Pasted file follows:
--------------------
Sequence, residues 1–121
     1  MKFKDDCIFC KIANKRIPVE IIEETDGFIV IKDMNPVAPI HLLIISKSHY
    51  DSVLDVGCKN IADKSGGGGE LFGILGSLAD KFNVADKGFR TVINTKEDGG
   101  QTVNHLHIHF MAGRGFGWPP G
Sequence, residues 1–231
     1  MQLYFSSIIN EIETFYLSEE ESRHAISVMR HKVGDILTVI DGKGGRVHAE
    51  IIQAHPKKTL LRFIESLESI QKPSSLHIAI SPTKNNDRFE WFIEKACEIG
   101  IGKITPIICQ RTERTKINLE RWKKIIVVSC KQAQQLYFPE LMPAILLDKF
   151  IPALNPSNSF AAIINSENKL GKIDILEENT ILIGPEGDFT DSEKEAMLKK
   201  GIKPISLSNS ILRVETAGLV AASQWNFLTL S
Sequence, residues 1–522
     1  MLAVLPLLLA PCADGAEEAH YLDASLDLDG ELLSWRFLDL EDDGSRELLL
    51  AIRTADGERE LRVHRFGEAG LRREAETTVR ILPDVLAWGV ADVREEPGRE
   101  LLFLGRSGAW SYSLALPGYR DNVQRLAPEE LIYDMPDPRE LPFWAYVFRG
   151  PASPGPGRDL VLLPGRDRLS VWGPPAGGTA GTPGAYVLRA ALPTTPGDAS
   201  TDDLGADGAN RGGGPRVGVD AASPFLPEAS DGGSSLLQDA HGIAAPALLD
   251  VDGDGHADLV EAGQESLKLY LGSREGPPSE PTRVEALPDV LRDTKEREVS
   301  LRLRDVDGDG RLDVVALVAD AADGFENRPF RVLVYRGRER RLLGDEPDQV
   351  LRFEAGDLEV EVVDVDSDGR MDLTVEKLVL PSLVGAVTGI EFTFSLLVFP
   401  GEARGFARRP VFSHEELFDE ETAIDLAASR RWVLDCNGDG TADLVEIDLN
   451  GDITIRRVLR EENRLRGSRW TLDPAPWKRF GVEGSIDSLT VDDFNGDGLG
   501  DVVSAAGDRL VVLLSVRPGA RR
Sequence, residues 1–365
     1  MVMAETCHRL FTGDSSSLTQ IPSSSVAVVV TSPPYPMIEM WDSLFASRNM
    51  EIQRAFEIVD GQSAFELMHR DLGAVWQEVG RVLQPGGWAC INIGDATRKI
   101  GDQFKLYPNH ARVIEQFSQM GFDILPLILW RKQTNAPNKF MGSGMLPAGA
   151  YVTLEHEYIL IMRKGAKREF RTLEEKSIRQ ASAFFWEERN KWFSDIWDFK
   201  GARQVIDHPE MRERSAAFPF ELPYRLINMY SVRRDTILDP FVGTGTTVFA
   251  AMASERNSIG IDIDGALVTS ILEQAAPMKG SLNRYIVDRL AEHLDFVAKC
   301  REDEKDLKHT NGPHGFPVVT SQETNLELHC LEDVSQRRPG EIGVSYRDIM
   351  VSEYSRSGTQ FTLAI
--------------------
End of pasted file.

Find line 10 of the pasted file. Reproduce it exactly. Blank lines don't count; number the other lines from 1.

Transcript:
   201  GIKPISLSNS ILRVETAGLV AASQWNFLTL S